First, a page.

After two years of canceled flights and postponed itineraries, SUNY Oneonta students are once again able to travel internationally and take part in life-changing study abroad programs across the world. More than 20 students are studying abroad this summer, with more set to leave in the fall.
Through the college’s Office of Global Education, 13 SUNY Oneonta students are enrolled in summer exchange programs at the American College of Greece in Athens, Greece, and Jyvaskyla University of Applied Sciences in Finland. Seven additional SUNY Oneonta students are participating in other SUNY programs in a variety of locations. Some of the students have received scholarships through the College Foundation to help fund their experiences.
Three other SUNY Oneonta students, majoring in secondary education, international studies and Spanish, are busy conducting independent research at public higher education institutions in Colombia, sponsored by the College Foundation and the Foreign Languages and Literatures Department.
Students in Colombia have traveled to three cities – Manizales, Cali and Cartagena – to conduct research at three public higher education institutions that have been engaged with SUNY Oneonta through COIL (Collaborative Online International/Intercultural/Interdisciplinary Learning) since 2014. These are the Universidad de Cartagena, Universidad del Valle, and Universidad de Caldas.
The students are collecting data through interviews and ethnographic observations, and have presented to faculty and students at these institutions. The objective of their work is to “investigate opportunities accessible to undergraduate students through COIL to become intercultural and linguistically competent,” according to Associate Professor of Spanish Maria Cristina Montoya, a faculty sponsor for the trip along with Spanish Lecturer Alejandra Escudero.
“By investigating different avenues to bring meaningful education for all and to advance towards a more equal and sustained access to global learning opportunities, their aim is to observe social justice through the implementation of COIL,” Montoya said.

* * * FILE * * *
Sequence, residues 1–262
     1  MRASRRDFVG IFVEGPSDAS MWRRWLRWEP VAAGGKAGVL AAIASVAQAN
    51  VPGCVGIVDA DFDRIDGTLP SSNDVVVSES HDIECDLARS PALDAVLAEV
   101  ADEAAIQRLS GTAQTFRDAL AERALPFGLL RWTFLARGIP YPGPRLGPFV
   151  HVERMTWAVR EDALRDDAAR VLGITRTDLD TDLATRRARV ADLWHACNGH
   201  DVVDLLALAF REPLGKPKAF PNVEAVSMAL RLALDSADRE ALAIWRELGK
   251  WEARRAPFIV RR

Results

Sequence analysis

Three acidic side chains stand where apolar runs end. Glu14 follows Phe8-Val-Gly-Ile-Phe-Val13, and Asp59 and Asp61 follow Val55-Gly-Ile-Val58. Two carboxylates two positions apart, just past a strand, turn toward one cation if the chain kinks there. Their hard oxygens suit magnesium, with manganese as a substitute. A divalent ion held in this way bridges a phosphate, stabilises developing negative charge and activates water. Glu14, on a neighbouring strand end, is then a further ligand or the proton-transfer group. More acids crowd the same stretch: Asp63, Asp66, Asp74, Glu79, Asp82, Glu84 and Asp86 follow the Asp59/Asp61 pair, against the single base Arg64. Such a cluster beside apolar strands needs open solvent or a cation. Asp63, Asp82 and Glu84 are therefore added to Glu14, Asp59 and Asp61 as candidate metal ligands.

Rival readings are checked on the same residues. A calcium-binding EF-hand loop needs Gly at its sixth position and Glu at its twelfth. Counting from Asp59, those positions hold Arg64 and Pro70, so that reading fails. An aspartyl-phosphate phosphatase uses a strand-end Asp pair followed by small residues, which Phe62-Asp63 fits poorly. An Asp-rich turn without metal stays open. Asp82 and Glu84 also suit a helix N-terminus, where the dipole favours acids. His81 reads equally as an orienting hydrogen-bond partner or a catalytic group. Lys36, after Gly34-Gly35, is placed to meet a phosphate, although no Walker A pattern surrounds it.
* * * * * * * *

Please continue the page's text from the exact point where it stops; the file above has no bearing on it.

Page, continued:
A highlight of the trip so far has been meeting (and getting a photo with) Francia Márquez, an environmental activist from southwestern Colombia who has become a national phenomenon since becoming the country’s first Black vice president last week. While abroad, the students are maintaining a blog to recount their experiences.
This fall, a total of 10 SUNY students will participate in Oneonta exchange programs in Greece and Japan, and 11 Oneonta students will participate in other SUNY programs.
“The full re-opening of study abroad programming is something to celebrate,” said Global Programs Coordinator Denise Leinonen. “These experiential learning opportunities enrich the lives of our students and offer experiences that further develop important skills such as intercultural communication, problem-solving, adaptability, and independence. Ask anyone who has been on one: study abroad trips are life-changing.”
Natalia Gibbons, a senior studying Sport Management and Communication Studies, took Modern Greek I through the American College of Greece. This was an introductory Greek language course that allowed her to learn and apply the Greek language in her daily life in Athens.
When not in class, Gibbons and her classmates went scuba diving, took part in a sunset meditation experience in Cape Sounion, went cliff jumping on the Greek islands of Hydra and Santorini, and went to Poseidon’s Temple and the top of the Acropolis to see the Parthenon.
“Being able to apply what I was learning daily by ordering my food in Greek, or by making small talk with locals was a truly rewarding experience,” Gibbons said. “This trip impacted me in many ways. I was able to form meaningful friendships with people from all over the U.S. and beyond, and also was able to deepen my understanding of Greek culture and customs. Studying abroad was something that I always wanted to do, and I am so happy that I made the decision to go this summer. It is truly an experience that I will never forget.”